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Bloomberg News has the scoop on an ETF for a new asset class. Well, 'new' except for the hundreds, if not thousands, of large institutional investors who have already implemented exposure to the infrastructure sector.

Details of the fund
The article states that the fund will track the Macquarie Global Infrastructure 100 Index. It also specifically mentions the following sub-sectors:

• Telecommunications companies
• Electricity companies
• Water companies
• Gas-distribution companies

For anyone outside of Australia, the name Macquarie is synonymous with nothing but infrastructure investing. A Google search on this index leads you to this FTSE website that covers the Macquarie Global Infrastructure Index Series which according to the site is composed of:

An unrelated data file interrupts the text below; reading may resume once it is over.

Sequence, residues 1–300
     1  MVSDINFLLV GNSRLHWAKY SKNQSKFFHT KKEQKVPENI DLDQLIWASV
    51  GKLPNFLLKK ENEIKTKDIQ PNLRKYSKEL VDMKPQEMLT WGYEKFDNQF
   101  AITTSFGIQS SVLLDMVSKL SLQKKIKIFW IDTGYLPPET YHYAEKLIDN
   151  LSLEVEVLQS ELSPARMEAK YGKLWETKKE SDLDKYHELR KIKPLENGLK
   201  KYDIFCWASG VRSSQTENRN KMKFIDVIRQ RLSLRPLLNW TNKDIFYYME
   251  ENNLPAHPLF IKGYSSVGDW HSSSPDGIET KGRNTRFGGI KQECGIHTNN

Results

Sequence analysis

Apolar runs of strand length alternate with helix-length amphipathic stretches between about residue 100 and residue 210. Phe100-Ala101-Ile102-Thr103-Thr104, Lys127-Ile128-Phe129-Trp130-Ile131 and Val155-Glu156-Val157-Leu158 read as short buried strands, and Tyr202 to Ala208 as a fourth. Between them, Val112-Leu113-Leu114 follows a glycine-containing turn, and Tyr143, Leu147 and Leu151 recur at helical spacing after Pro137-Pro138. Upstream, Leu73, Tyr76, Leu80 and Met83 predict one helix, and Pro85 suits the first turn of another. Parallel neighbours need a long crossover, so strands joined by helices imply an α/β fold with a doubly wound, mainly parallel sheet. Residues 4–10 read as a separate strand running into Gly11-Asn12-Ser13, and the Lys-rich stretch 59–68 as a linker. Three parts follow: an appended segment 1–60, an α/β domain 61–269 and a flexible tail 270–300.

• Macquarie Global Infrastructure Index
• Macquarie Global Infrastructure 100 Index
• Macquarie Global Infrastructure Hedged Index
• Regional infrastructure indices: Australasia, Japan, North America, Europe and Asia Pacific/Japan/Australia/New Zealand
• Sector indices: global oil & gas pipelines, global transportation services, global telecommunications equipment and global utilities with subsectors of global electricity, multi-utilities, gas distribution and water.

A lucky break: If you check out the “Constituents” subpage, it actually provides details for only one index which happens to be the one in question, the Macquarie Global Infrastructure 100 Index.

We find that nearly half of the positions are from the US with the internationals consisting primarily of EAFE plus Canada. For those looking for some BRIC exposure, I only see three Brazilian positions. The Bloomberg article refers specifically to “companies in countries including the U.S., Australia, U.K., India, Brazil and Russia”.